Researchers from the University of California at Irvine have developed a groundbreaking invention that could significantly extend the lifespan of computers, smartphones, appliances, cars, and spacecraft. Scientists have long been trying to utilize nanowires in batteries due to their high conductivity and large surface area for the storage and transfer of electrons. However, nanowires are thousands of times thinner than human hair and are extremely fragile, making them susceptible to cracking and failure after repeated discharges and recharges. To solve this problem, the UCI researchers coated a gold nanowire in a manganese dioxide shell and wrapped it in an electrolyte made of a gel similar to Plexiglas. The combination proved to be reliable and resistant to failure. Using this technique, the team developed a prototype that endured nearly 200,000 recharge cycles over three months, without experiencing any power or capacity loss or any fracturing of nanowires. According to Reginald Penner, chair of UCI’s chemistry department, this was an incredible achievement since these things typically die in dramatic fashion after 5,000 to 7,000 cycles at most. The team at UCI believes that the goo plasticizes the metal oxide in the battery, providing flexibility and preventing cracking. Mya Le Thai, one of the researchers involved in the study, stated that “the coated electrode holds its shape much better, making it a more reliable option,” adding that “this research proves that a nanowire-based battery electrode can have a long lifetime and that we can make these kinds of batteries a reality.”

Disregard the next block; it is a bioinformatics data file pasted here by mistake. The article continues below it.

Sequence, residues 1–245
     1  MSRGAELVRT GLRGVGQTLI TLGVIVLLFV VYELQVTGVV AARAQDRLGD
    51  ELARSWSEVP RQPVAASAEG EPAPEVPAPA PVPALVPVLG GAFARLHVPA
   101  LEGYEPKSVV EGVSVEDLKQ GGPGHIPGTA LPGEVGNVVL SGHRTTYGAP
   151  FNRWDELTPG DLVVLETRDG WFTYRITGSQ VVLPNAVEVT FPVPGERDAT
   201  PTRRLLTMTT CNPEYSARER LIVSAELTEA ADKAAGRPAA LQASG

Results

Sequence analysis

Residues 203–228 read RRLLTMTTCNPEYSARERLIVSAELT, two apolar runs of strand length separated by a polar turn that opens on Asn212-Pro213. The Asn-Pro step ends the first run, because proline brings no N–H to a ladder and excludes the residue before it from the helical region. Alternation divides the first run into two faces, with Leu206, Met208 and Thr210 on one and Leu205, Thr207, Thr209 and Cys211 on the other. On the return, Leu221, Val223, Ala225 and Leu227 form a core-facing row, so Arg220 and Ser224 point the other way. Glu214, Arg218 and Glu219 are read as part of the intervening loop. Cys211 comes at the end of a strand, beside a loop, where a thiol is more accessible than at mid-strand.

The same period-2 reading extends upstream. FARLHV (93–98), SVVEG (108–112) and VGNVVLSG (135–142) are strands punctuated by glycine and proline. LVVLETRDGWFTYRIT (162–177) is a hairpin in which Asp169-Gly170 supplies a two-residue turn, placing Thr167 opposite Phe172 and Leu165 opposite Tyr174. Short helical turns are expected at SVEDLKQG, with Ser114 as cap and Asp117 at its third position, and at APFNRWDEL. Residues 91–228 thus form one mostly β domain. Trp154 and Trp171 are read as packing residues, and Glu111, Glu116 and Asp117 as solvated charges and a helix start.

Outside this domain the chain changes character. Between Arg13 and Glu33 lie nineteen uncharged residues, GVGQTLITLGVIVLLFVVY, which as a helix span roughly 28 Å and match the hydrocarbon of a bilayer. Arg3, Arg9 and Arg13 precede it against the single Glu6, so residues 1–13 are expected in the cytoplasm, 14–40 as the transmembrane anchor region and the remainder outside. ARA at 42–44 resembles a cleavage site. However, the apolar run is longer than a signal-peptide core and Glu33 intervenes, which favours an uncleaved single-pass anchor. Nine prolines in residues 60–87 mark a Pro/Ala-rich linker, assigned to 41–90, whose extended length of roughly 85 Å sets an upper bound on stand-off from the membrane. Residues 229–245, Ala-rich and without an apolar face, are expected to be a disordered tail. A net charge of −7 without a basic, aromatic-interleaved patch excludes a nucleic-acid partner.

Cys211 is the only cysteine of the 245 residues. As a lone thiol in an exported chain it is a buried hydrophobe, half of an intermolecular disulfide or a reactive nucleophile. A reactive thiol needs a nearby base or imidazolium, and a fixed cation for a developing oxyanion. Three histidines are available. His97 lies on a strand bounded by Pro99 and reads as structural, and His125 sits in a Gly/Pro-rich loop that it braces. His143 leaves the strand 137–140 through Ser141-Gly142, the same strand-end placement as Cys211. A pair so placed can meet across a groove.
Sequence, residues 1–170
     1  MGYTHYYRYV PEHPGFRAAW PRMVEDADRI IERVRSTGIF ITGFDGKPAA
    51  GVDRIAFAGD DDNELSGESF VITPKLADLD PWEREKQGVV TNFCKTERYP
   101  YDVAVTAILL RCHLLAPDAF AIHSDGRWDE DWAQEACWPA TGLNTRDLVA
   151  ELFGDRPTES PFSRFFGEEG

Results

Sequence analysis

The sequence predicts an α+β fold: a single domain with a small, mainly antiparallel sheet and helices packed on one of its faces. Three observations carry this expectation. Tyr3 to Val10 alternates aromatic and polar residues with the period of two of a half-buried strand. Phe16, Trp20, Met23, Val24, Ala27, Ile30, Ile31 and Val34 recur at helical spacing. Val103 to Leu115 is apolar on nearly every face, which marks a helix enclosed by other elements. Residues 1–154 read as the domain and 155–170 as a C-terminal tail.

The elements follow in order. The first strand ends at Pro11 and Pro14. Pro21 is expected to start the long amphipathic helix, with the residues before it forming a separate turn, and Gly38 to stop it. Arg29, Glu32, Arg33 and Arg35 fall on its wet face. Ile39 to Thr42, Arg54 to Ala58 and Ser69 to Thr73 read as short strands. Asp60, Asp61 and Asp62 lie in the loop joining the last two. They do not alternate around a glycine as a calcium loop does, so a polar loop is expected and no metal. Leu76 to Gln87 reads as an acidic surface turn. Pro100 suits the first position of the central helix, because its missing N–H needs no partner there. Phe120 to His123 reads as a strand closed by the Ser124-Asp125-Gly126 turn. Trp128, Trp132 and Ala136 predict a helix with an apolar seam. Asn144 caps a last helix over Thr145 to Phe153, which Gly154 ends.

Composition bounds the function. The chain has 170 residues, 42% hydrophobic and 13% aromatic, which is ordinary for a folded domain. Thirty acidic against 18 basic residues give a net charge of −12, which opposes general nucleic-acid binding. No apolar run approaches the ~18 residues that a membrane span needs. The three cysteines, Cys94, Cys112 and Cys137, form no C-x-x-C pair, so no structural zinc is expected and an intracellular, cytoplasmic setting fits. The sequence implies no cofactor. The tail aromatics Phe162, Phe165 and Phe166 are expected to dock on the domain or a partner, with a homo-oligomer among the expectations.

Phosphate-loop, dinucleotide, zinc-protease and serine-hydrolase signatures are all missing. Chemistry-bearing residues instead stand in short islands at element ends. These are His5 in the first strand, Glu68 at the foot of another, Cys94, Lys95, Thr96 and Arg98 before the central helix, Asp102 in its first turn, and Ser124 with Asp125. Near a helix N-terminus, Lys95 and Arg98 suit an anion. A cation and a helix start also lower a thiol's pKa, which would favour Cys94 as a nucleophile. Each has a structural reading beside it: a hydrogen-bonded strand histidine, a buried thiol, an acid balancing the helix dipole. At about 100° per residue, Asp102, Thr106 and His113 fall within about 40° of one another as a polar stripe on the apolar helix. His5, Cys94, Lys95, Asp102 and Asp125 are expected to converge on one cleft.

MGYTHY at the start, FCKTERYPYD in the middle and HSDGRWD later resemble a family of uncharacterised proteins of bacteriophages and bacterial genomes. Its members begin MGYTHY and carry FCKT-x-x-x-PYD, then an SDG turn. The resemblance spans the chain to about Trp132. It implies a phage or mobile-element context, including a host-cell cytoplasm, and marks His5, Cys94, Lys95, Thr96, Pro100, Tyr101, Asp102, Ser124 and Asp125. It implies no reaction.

The study was conducted in coordination with the Nanostructures for Electrical Energy Storage Energy Frontier Research Center at the University of Maryland, with funding from the Basic Energy Sciences division of the U.S. Department of Energy.